Of course, most sane people were already well aware that CNN host Anderson Cooper chooses to engage in homosexual behavior. But after being egged on and practically forced to "come out" by insane pundit/gay activist Andrew Sullivan, Cooper finally chose to let the world know that he leads a destructive lifestyle in his personal life:
Anderson Cooper revealed on Monday that he is gay, ending years of reluctance to talk about his personal life in public.Mind you, Cooper's "coming out" party shouldn't change the way conservatives and Christians feel about how he goes about his job. Unlike many of his gay peers in the media, Cooper doesn't seem to have any interest in using his lifestyle choice as a means to hop on the radical, leftwing bandwagon and dismiss journalistic professionalism for liberal lies and propaganda (in the letter for his "coming out party" Cooper made a point to note that he is “not an activist"). True Christians and most conservatives know that homosexuality is an unGodly lifestyle choice, but I doubt that Cooper (whose work has gotten his fair share of praise from both the Left and the Right) will bow to pressure from the Gay Mafia to abandon journalistic integrity. However, homosexuality will and always be a sin and it's kind of sad that Cooper, a likeable and goodlooking guy who could probably get any woman he wants, would allow his savage lust to willingly ignore God's will.
The CNN journalist wrote in an online letter that he had kept his sexual orientation private for personal and professional reasons, but came to think that remaining silent had given some people a mistaken impression that he was ashamed.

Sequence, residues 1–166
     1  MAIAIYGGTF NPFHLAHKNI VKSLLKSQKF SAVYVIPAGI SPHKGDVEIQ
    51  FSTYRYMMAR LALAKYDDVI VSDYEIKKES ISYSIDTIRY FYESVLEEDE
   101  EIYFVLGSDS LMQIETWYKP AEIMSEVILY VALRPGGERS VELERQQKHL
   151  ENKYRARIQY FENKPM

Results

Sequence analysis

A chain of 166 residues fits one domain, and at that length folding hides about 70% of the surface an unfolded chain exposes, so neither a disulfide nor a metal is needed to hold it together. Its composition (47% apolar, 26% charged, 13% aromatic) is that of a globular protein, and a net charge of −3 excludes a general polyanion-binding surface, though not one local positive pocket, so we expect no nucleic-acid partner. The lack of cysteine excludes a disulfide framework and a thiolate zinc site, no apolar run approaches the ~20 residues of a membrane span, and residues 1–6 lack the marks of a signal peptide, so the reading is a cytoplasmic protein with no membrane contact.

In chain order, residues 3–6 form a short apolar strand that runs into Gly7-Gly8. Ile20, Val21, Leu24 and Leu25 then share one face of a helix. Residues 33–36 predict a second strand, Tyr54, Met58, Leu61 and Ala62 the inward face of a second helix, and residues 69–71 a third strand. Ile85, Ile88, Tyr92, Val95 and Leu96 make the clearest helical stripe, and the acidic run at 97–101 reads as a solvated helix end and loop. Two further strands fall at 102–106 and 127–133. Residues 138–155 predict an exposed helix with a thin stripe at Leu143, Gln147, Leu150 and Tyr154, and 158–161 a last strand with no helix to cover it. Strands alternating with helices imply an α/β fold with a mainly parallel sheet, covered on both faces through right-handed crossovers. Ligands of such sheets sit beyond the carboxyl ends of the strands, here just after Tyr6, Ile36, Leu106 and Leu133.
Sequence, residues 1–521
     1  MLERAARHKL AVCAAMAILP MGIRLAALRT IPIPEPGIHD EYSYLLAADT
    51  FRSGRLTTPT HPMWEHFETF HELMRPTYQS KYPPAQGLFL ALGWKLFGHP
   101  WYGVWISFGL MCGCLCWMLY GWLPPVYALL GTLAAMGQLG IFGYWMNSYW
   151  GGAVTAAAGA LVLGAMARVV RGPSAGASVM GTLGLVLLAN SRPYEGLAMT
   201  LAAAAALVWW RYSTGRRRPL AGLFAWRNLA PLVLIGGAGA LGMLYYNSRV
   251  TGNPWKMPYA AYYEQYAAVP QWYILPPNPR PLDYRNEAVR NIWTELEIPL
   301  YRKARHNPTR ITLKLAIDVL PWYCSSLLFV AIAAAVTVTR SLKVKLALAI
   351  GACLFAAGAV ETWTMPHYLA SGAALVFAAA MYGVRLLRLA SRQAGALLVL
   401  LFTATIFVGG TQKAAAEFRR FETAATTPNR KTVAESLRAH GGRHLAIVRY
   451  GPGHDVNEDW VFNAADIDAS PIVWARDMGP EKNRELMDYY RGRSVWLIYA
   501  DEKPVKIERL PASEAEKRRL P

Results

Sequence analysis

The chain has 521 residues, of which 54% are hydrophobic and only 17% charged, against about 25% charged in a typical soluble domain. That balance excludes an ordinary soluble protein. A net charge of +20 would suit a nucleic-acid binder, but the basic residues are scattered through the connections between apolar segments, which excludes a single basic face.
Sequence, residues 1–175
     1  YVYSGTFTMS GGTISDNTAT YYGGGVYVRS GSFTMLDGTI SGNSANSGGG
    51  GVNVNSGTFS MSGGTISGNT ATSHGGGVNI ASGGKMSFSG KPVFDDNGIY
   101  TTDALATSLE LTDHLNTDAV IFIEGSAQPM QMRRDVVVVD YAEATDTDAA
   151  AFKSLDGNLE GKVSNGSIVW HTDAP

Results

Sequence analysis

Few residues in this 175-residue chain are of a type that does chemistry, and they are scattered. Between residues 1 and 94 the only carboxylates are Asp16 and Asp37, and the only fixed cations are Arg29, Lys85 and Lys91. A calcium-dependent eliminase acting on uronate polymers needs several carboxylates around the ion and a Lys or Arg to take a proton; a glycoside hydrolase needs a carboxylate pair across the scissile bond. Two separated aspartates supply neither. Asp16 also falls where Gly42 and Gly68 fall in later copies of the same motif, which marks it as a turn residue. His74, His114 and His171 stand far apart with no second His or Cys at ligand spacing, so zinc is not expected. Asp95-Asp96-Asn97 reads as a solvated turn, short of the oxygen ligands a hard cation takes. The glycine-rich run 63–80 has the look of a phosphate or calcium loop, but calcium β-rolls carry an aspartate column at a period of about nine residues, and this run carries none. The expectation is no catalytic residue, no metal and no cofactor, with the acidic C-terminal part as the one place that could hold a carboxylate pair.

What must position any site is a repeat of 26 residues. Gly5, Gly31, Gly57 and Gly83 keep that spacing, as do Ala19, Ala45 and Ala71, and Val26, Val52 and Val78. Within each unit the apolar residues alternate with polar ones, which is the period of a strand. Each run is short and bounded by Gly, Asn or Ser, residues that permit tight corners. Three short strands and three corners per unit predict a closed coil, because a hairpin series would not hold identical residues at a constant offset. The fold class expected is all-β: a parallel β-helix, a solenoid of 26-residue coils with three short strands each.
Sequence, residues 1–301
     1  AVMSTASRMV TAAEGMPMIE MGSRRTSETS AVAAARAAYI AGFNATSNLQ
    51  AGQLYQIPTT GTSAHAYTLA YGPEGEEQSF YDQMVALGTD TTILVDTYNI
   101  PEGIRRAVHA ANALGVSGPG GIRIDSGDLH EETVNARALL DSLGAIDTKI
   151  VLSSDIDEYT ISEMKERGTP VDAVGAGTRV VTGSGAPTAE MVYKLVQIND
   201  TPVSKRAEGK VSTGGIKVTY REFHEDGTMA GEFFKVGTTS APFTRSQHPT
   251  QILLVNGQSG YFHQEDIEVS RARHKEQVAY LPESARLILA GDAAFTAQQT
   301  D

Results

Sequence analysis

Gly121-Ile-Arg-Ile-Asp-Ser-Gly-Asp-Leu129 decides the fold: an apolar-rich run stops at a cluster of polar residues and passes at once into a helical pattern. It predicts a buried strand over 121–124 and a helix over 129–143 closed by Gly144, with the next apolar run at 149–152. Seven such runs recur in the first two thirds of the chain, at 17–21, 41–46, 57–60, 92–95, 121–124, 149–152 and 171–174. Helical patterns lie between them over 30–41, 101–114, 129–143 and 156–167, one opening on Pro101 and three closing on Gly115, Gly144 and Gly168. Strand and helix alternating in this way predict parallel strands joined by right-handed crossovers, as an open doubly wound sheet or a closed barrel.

"The fact is, I'm gay, always have been, always will be, and I couldn't be any more happy, comfortable with myself and proud," he wrote in the letter, published by Andrew Sullivan of the Daily Beast.
Cooper, the son of Gloria Vanderbilt, had long been the subject of rumors about his sexual orientation. He said that in a perfect world, it wouldn't be anyone's business, but that there is value in "standing up and being counted."
"I still consider myself a reserved person and I hope this doesn't mean an end to a small amount of personal space," he wrote. "But I do think visibility is important, more important than preserving my reporter's shield of privacy."
CNN said it would not comment, and that Cooper was on assignment and there were no plans for Cooper to discuss it on the air.
Few national television news reporters have publicly acknowledged being gay, with MSNBC's Rachel Maddow and CNN's Don Lemon perhaps the best known.